The council–manager system has grown considerably in popularity since the start of the twentieth century. In 1935, ICMA recognized 418 U.S. cities and seven counties using the system; by 2001, 3,302 cities with a population over 2,500 and 371 counties used it. Phoenix, Arizona is the largest city in the United States to retain council–manager government.
While the popularity of council–manager government has endured into the 21st century, the system as practiced has changed over time, particularly in medium-sized communities that have grown into more heterogeneous and politically contentious large cities. As their elected officials increasingly see themselves as political activists responding to a constituency rather than trustees performing a public service, they take a greater interest in administration on a day-to-day basis—in resolving civic issues rather than simply identifying them— than in the traditional model.
The model has grown in structural diversity as well. In a 1996 study, 62 percent of responding council-manager communities indicated that they elected their mayors directly, or granted the office additional powers such as appointing officials or vetoing legislation.
Indeed, much has been written over the last decade regarding the variety of hybrid forms of local governments that have evolved from the two pure forms (Council-Manager and Mayor-Council). The cities that have modified their organizational structure from one of the pure forms are now commonly termed “adaptive” communities.
These variations necessitate a delineation of the distinguishing features of the council-manager form of government. ICMA has listed at least three defining characteristics that distinguish a truly council-manager government:
The Model City Charter (MCC), published by the National Civic League, formerly the National Municipal League, is closely associated to the council-manager form of government. The MCC is in its 8th edition, adopted in 2003, and since its 2nd edition, adopted in 1915, has recommended the Council-Manager form of government.  
Following the turmoil of World War I 1914–1918, the 1916 rising, the Irish War of Independence 1919–1921, and the Irish Civil War 1921–1923, the Irish government found it necessary to remove the members of several local authorities and replace them temporarily by paid commissioners.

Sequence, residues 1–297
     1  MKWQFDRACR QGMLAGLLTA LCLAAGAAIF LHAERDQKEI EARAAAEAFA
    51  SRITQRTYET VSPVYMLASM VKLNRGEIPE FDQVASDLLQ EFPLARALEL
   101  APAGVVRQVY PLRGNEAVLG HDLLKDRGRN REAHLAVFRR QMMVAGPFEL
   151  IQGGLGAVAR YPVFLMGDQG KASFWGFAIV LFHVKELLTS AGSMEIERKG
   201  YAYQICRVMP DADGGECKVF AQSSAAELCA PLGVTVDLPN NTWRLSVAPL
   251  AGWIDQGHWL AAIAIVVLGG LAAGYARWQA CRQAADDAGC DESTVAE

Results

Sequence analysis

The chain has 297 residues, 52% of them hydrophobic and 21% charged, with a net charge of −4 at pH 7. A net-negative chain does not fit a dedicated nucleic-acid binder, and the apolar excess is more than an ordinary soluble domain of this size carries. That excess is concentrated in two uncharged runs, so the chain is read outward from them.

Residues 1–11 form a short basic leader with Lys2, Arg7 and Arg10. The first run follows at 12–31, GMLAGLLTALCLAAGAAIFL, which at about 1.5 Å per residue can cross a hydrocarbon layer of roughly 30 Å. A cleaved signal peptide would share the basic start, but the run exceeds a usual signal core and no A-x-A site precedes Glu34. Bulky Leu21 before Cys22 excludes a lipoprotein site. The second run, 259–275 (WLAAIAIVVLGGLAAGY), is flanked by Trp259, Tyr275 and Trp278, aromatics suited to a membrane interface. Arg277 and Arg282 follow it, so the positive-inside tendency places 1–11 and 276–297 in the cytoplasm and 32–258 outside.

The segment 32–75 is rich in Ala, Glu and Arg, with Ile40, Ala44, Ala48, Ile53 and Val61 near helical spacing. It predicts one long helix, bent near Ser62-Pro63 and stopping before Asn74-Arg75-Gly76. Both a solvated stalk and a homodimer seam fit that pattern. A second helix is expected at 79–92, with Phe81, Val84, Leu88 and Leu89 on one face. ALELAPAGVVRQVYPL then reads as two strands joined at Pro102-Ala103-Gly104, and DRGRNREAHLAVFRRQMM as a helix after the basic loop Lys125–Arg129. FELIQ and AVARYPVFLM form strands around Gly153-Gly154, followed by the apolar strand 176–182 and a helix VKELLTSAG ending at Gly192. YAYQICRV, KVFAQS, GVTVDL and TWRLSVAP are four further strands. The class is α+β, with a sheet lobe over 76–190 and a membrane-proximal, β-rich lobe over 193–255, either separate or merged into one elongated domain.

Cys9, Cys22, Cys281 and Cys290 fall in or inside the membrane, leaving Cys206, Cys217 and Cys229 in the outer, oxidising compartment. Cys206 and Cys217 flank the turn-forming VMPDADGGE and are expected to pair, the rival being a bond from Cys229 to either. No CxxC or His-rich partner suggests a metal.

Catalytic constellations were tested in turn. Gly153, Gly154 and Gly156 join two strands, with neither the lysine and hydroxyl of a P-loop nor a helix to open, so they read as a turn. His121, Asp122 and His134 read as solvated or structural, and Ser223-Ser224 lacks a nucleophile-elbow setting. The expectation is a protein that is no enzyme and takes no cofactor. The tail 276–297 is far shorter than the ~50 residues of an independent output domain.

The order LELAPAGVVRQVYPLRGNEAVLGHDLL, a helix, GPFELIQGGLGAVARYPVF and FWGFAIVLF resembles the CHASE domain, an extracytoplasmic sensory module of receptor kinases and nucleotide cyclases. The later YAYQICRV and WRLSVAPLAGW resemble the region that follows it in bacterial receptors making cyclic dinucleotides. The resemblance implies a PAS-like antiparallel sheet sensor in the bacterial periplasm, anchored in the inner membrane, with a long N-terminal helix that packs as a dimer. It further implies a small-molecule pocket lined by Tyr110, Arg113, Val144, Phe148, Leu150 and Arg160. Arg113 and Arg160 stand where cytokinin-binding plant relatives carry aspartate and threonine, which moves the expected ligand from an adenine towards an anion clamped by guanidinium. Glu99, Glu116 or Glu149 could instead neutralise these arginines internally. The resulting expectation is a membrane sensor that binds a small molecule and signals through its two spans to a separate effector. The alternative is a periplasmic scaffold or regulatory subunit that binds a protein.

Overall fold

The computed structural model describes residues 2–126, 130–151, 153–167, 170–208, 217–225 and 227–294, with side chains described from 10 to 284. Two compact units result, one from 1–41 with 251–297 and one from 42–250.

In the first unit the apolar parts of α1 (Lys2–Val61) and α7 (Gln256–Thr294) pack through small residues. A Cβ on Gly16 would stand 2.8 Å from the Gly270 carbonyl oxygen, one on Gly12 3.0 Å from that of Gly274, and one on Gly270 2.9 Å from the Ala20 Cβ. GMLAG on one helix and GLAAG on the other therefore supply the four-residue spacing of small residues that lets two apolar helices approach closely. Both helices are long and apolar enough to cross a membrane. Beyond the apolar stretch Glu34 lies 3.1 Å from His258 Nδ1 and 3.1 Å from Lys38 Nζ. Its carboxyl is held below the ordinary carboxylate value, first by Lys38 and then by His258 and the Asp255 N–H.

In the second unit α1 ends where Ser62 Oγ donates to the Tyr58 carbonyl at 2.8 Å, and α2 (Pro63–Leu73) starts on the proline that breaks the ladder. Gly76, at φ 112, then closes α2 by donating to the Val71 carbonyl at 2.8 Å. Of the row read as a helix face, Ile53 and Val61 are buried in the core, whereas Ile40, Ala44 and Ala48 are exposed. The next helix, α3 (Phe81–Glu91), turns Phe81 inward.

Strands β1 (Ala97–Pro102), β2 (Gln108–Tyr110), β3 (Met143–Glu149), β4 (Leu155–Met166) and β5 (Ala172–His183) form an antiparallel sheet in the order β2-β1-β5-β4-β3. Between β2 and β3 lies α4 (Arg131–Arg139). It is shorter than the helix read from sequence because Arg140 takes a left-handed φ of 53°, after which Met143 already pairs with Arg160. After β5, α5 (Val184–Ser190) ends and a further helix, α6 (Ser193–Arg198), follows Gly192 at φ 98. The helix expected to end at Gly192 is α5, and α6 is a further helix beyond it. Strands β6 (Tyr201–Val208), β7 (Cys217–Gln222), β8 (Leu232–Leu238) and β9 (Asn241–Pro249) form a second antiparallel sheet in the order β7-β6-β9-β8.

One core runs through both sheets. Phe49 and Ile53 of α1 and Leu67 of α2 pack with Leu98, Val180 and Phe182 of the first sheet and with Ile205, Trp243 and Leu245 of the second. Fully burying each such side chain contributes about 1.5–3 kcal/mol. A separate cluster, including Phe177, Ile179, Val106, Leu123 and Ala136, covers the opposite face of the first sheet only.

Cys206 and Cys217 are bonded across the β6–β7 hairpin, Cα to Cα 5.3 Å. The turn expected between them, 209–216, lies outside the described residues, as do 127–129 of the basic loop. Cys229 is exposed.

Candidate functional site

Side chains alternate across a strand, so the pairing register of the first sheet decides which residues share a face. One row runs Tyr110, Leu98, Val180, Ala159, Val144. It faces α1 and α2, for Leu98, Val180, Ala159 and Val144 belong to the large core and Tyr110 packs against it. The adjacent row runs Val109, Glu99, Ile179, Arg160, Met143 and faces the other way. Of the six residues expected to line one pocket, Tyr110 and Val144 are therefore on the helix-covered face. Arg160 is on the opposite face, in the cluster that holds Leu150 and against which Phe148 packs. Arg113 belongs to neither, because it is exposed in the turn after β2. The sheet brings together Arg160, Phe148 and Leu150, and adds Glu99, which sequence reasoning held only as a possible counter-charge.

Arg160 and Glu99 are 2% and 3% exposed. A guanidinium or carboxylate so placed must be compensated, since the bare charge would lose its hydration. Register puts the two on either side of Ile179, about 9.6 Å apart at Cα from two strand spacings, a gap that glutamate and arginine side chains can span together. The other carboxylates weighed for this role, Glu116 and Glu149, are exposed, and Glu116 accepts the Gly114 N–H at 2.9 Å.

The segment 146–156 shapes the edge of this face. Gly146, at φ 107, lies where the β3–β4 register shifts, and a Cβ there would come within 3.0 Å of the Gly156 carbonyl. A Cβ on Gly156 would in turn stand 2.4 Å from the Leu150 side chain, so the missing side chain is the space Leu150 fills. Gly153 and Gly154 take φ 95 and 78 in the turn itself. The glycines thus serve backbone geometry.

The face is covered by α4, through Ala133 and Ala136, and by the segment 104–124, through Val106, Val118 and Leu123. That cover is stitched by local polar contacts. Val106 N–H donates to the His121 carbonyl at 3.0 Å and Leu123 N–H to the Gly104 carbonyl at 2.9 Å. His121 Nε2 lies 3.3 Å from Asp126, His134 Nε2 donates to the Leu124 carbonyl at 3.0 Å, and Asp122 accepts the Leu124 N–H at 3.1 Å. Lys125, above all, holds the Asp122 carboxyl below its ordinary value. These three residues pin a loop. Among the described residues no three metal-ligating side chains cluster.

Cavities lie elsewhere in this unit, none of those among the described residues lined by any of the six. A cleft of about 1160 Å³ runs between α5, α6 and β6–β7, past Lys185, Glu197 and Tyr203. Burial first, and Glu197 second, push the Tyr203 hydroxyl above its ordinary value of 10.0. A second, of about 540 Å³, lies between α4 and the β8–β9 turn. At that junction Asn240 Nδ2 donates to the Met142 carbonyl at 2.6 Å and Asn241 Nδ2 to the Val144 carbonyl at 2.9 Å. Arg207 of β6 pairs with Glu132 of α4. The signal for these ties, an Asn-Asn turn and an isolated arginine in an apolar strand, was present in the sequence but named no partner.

Both Dublin and Cork city councils were so removed. In both cities, there was a body of opinion that the services provided by the councils were delivered more efficiently and fairly under the commissioners that under the previous system, where the executive function had been in effect vested in the councils and their committees.
In 1926, a committee of commercial and industrial interests in Cork came together to consider a scheme of city government and having regard to the city's experience of commissioners and recent experience in the United States a council–manager plan of city government was proposed. After discussion between the Minister for Local Government and local representatives, the Minister, Richard Mulcahy, introduced as a Government measure The Cork City Management Bill, 1929 and it became law despite opposition. The Minister proposed and the Oireachtas enacted similar provision for Dublin City in 1930. Similar laws were passed for Limerick in 1934 and Waterford in 1939 under the Fianna Fáil Government.
Under the County (Management) Act, 1940, which was brought into operation in August 1942, a County Manager is the manager of every borough or town in that county but, since the 1990s, has the power to delegate these functions to any other officer of that borough or town council.
The system was modified also in subsequent legislation, particularly the City and County Management (Amendment) Act, 1955, which made some adjustments to give greater power to the council members, and the Local Government Act 1985, which provided for the council–manager system in Galway City once detached for local government purposes from Galway County.
The above acts have since been replaced (in substantially the same form) by the Local Government Act 2001.